Autosomal dominant polycystic kidney disease is caused primarily by mutations in two genes, Pkd1 and Pkd2, which function together as a calcium channel complex. Subcellular localization studies suggest that the polycystin2 protein may act in the apical cell membrane associated with cilia or in internal cell membranes as a calcium release channel. However, it is currently not known where polycystin2 channel activity acts in epithelia or which cellular signaling systems may impinge on polycystin2 function. Disruption of zebrafish polycystin2 gene expression using antisense morpholino oligos results in rapid kidney cyst development, randomized organ laterality, hydrocephalus, and body axis curvature. These defects are rescued by co-injection of the human pkd2 mRNA.
In Aim 1. we propose using the zebrafish as an in vivo system for structure function analysis of polycystin2. We hypothesize that specific amino acid motifs in polycystin2 target it to its cellular site of action. By disrupting these either in the endogenous zebrafish polycystin2 or in rescuing human polycystin2 mRNAs we will test whether subcellular localization affects the cellular function of polycystin2.
In Aim 2. we hypothesize that polycystin 2, acting as a calcium channel, mediates the effects of physical forces on the epithelium. We will measure calcium responses in isolated kidney tubules that lack polycystin2 function or that express altered pkd2 alleles. Finally we propose that mutations in polycytin2 interacting proteins or downstream mediators may effect signaling or function of polycystin2.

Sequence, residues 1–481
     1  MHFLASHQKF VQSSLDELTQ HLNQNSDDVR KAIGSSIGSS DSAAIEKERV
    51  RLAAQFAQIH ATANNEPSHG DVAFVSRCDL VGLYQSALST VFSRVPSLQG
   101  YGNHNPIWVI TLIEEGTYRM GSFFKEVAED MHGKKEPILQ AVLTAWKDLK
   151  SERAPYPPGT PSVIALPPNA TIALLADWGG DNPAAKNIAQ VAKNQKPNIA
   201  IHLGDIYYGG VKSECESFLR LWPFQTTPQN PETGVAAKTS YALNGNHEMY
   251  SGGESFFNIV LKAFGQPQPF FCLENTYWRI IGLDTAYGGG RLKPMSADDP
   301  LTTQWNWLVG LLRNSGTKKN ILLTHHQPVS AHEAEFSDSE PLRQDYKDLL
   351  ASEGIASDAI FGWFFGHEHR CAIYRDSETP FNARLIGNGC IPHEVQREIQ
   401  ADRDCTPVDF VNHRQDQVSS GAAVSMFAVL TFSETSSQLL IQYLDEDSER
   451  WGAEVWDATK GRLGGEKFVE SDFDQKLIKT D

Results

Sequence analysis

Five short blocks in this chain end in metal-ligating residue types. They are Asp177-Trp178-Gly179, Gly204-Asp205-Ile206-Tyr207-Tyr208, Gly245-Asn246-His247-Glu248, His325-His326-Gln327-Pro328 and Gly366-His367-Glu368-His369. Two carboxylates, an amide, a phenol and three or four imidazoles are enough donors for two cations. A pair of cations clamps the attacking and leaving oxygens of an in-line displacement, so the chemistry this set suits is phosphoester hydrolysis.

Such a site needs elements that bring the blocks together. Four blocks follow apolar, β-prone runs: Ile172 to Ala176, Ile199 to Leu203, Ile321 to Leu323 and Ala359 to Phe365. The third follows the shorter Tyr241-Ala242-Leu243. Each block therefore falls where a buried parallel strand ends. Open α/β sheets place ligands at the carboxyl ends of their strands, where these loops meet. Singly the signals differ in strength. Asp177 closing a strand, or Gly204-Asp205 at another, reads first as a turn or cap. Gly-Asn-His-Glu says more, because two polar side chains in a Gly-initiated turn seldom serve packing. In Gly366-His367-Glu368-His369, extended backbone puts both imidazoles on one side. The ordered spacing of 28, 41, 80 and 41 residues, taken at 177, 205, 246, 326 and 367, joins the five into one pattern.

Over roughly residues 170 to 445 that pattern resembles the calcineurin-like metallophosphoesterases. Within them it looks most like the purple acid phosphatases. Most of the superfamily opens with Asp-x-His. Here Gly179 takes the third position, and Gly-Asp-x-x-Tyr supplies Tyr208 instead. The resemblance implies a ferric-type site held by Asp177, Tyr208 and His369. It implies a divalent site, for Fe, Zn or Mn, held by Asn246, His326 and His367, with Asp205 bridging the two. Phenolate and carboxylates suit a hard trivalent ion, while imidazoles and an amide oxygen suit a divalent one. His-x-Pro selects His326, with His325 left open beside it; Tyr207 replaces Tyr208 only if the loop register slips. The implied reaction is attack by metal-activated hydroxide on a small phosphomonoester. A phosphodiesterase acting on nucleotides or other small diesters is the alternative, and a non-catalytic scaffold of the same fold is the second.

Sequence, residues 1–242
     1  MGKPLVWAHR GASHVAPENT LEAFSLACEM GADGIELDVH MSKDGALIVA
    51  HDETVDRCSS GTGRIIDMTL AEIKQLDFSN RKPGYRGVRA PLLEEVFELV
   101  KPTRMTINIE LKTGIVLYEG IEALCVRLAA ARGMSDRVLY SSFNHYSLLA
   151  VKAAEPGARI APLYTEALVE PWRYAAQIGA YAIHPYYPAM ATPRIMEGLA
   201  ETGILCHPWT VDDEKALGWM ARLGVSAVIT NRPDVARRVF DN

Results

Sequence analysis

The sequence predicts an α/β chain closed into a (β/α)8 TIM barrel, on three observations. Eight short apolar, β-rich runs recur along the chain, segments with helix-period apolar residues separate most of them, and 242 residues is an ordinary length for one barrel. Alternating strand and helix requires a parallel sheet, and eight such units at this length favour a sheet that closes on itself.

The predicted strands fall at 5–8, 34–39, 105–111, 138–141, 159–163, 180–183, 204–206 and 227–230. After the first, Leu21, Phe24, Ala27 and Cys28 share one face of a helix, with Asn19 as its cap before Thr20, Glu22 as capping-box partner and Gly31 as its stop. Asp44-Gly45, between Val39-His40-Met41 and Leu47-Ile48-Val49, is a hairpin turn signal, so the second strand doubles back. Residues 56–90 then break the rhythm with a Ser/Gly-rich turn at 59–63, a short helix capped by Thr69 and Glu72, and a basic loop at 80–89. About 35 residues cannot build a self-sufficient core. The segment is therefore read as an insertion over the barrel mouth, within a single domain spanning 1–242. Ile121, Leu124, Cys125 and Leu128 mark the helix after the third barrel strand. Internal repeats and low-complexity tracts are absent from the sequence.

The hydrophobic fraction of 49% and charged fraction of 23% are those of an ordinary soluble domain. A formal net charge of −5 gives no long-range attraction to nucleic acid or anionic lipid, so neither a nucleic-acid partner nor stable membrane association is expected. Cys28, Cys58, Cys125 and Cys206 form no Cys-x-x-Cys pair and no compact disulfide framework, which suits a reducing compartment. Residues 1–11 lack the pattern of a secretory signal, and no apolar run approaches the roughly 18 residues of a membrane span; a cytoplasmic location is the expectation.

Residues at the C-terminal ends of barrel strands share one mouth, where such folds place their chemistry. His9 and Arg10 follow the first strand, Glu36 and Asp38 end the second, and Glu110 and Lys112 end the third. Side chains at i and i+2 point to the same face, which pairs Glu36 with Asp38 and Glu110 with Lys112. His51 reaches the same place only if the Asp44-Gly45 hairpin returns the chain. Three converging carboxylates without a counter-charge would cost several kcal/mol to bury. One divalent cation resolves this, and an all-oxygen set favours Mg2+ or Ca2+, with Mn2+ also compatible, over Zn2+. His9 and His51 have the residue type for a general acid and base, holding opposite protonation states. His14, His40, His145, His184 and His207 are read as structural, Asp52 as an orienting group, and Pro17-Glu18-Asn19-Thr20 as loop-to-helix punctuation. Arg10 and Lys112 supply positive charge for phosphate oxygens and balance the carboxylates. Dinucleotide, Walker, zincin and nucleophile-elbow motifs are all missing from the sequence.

In Aim 3. we outline a plan to identify cellular components that interact with polycystin2 by screening for dominant suppressors of the zebrafish polycystin2 phenotype. This proposal exploits unique advantages of the zebrafish as a model organism to more fully explore the function of polycystin2 in vivo and further our understanding of the cellular mechanisms of autosomal dominant polycystic kidney disease.
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